Antibiotics are extraordinary medicine and are often curative. In general, antibiotics are remarkably free of adverse effects, eradicating the microorganism and usually leaving the host unaffected. Because antibiotics are typically well tolerated and effective, they are often used when the diagnosis of a bacterial infection is unclear. The liberal use of antibiotics has contributed to antibiotic resistance—a problem that has become a crisis.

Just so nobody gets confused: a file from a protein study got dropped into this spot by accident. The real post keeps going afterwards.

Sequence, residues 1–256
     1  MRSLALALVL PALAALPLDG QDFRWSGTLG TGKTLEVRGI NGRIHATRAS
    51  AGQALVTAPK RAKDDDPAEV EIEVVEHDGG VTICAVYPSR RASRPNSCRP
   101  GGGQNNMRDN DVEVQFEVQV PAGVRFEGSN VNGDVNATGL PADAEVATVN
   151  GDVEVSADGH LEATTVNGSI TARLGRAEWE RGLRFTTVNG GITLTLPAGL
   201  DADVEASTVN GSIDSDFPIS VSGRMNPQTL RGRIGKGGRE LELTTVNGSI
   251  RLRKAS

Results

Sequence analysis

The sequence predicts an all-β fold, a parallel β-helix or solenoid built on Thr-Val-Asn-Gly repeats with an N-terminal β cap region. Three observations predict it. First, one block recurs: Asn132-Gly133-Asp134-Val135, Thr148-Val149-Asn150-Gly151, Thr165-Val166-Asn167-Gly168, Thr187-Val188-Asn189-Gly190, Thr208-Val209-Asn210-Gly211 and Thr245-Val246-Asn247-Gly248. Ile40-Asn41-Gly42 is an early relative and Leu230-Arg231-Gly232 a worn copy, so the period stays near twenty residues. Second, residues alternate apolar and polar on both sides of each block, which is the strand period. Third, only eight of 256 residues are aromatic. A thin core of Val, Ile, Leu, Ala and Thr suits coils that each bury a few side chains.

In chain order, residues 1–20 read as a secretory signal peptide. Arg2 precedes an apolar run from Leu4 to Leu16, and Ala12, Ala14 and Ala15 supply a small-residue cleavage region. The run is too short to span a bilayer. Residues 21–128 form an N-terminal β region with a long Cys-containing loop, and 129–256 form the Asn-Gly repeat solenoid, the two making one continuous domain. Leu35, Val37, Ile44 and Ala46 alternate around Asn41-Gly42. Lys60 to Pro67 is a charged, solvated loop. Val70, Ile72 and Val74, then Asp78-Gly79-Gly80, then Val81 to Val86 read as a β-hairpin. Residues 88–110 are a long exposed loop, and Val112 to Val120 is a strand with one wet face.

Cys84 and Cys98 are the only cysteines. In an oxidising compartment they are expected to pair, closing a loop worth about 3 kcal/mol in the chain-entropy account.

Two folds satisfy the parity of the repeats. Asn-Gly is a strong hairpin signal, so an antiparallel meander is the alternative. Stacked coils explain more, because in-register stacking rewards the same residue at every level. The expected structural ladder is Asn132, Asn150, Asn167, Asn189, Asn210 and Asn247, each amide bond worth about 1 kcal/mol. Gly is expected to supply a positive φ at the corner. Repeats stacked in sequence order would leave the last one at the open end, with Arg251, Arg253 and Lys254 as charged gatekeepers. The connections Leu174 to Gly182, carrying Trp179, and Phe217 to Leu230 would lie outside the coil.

As a drug class, antibiotics are virtually unique because once an antibiotic is released for wide-scale use, its efficacy diminishes. In contrast, aspirin, one of the oldest drugs, is as effective an analgesic today as the first time it was used. The same cannot be said of penicillin. In the 1950s, the use and overuse of penicillin resulted in penicillin resistance. In the 1960s and 1970s, the use and overuse of gentamicin resulted in gentamicin resistance. In the 1980s and 1990s, the use and overuse of ciprofloxacin resulted in ciprofloxacin resistance. The observation has been repeatedly made, yet clinicians do not seem to be learning from the mistakes that continue to occur with each new antibiotic.